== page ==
Frank Kermode is among our greatest contemporary critics. He has written and edited many works, among them The Sense of Ending and Shakespeare’s Language.
Many of us find Shakespeare’s language difficult to understand today, but you suggest that his contemporaries would have had similar problems, especially when watching a complex play like Coriolanus. At the same time, we’re told that he was a popular playwright. Can you explain this?A hard one. I suggested people were better trained to be listeners, the society [then] being more oral than ours. And of course by the time of Coriolanus Shakespeare had been educating his audiences for almost two decades. Then again it is generally possible to follow without anything like total understanding.
Do you have a favourite Shakespeare play? Or could you pick out one play which especially inspires you?Various choices at different times: currently I think The Winter’s Tale, but Hamlet is always in one’s head.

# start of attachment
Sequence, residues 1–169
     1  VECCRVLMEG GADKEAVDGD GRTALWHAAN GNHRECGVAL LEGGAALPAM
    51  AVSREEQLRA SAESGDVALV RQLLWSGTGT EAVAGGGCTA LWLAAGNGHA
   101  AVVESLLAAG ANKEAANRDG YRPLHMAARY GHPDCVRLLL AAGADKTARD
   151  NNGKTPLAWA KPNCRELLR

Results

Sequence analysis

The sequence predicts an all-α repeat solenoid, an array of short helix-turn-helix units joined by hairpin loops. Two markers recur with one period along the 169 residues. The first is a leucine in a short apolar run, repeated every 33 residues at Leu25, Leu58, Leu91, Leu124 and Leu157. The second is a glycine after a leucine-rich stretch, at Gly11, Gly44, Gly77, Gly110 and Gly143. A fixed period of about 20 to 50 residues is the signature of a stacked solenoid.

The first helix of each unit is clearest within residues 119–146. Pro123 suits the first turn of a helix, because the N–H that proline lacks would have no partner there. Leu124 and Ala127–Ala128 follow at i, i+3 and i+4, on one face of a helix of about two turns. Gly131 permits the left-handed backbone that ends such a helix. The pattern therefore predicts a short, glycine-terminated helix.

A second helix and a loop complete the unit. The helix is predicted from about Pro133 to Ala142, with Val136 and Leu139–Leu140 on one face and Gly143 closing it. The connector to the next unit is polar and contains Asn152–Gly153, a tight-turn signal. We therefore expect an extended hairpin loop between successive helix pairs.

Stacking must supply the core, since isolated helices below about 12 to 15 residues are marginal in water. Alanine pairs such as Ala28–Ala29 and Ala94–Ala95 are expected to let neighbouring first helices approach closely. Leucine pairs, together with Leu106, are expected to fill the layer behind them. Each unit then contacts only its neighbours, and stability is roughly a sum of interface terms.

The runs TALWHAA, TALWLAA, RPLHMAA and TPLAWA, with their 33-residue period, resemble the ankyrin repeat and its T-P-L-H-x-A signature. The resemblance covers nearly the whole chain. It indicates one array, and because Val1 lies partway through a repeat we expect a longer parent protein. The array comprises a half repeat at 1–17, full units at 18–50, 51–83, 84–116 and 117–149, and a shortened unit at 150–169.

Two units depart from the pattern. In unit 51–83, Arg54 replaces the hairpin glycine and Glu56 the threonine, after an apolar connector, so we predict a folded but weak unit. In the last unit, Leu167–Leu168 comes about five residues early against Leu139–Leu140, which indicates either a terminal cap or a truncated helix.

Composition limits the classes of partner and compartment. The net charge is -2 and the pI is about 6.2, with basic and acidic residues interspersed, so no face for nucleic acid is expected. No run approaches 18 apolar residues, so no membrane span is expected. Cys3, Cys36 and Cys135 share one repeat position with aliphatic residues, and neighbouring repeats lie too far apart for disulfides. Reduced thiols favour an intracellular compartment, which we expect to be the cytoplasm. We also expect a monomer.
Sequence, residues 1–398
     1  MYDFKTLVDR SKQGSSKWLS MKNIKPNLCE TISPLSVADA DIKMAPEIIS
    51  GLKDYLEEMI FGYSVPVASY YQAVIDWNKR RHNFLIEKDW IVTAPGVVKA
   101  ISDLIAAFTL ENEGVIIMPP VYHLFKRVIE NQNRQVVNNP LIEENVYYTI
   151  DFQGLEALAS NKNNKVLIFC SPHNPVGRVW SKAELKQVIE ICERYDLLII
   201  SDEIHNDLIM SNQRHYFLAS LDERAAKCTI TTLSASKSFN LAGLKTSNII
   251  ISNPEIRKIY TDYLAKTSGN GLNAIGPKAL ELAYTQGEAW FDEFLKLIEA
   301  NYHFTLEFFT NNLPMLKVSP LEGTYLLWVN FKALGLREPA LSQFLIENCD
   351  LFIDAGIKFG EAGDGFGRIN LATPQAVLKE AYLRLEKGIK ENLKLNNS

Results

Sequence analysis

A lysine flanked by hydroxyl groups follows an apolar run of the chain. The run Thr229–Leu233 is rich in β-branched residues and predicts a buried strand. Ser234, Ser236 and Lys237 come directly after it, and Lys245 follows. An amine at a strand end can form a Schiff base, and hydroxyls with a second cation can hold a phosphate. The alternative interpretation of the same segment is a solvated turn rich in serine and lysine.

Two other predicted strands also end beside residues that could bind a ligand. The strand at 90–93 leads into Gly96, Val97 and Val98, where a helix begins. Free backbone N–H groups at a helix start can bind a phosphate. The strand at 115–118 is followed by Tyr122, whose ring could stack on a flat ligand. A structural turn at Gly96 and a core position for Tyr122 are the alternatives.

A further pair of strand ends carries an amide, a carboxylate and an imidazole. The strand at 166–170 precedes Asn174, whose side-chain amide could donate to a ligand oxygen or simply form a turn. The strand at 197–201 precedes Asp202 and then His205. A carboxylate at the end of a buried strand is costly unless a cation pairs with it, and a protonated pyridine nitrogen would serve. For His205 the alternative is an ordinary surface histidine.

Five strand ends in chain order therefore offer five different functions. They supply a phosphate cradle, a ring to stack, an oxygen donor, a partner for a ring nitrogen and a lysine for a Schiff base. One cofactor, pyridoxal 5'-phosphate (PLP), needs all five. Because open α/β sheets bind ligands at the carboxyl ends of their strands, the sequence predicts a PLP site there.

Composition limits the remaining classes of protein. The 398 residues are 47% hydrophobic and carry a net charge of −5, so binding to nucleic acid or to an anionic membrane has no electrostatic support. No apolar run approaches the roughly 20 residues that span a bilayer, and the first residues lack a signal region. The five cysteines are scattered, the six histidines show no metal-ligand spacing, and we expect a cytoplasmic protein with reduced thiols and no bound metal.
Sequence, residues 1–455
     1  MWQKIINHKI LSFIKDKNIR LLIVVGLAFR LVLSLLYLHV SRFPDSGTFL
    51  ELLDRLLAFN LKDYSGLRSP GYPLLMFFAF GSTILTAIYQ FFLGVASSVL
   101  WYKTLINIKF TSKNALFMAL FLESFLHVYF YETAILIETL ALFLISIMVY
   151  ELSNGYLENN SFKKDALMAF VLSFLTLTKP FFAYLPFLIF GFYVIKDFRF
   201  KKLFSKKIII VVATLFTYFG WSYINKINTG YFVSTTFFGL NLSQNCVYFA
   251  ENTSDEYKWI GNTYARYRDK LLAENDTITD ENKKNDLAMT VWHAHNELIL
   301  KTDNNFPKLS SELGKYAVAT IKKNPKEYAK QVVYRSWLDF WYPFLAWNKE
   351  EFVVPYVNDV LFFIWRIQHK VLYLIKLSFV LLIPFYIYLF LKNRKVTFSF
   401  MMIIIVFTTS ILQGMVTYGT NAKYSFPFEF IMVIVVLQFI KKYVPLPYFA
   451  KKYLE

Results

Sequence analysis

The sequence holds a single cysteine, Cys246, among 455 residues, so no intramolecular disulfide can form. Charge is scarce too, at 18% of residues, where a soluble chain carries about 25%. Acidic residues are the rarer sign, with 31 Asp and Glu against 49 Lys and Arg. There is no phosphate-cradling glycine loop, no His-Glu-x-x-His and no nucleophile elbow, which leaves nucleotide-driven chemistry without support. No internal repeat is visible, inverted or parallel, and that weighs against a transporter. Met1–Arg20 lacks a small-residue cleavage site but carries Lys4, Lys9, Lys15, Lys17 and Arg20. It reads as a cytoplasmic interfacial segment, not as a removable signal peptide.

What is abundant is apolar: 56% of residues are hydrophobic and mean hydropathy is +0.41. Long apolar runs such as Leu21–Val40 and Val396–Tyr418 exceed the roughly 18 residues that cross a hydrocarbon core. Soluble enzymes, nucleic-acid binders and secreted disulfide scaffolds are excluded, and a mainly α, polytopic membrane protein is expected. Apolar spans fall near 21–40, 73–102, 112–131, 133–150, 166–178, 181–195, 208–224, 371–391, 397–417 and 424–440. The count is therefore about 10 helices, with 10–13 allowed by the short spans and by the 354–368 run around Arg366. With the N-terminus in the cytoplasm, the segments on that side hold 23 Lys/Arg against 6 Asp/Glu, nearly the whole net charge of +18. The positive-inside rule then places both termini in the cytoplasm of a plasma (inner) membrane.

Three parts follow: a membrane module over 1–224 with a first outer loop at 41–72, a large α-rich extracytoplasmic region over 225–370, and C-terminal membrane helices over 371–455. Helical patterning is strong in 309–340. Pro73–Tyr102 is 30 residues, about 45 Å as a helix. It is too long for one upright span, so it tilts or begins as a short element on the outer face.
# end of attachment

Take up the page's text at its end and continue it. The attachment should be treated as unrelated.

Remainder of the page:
You have been a scholar and literary critic for over 50 years, how do you see the role of the critic?Too vast to answer. One part of the job is to help make available the great works to non-specialists. Of course there are also scholarly duties.
Many people say they are put off Shakespeare at school, do you think he should be taught in school? Are there particular plays which are more suitable than others?I’d be happy if he dropped out of the earlier exams but I think school productions are a good thing and intensive sixth form study, not of plays that look easy, but hard ones.
What are you currently writing?Some talks I have to give in California.
What are you currently reading for pleasure?Ave Atque Vale [by Algernon Charles Swinburne (1837-1909)] and Matthew Kneale.